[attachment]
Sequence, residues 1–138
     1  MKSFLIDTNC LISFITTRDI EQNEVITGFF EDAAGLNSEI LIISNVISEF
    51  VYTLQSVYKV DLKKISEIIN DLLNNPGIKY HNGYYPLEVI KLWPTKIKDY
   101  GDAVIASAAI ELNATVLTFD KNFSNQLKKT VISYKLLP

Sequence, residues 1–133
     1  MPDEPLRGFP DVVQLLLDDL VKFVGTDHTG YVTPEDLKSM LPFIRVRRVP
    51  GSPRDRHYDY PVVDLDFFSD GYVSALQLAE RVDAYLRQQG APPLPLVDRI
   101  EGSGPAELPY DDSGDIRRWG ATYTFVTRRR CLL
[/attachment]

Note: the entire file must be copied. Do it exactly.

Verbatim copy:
Sequence, residues 1–138
     1  MKSFLIDTNC LISFITTRDI EQNEVITGFF EDAAGLNSEI LIISNVISEF
    51  VYTLQSVYKV DLKKISEIIN DLLNNPGIKY HNGYYPLEVI KLWPTKIKDY
   101  GDAVIASAAI ELNATVLTFD KNFSNQLKKT VISYKLLP

Sequence, residues 1–133
     1  MPDEPLRGFP DVVQLLLDDL VKFVGTDHTG YVTPEDLKSM LPFIRVRRVP
    51  GSPRDRHYDY PVVDLDFFSD GYVSALQLAE RVDAYLRQQG APPLPLVDRI
   101  EGSGPAELPY DDSGDIRRWG ATYTFVTRRR CLL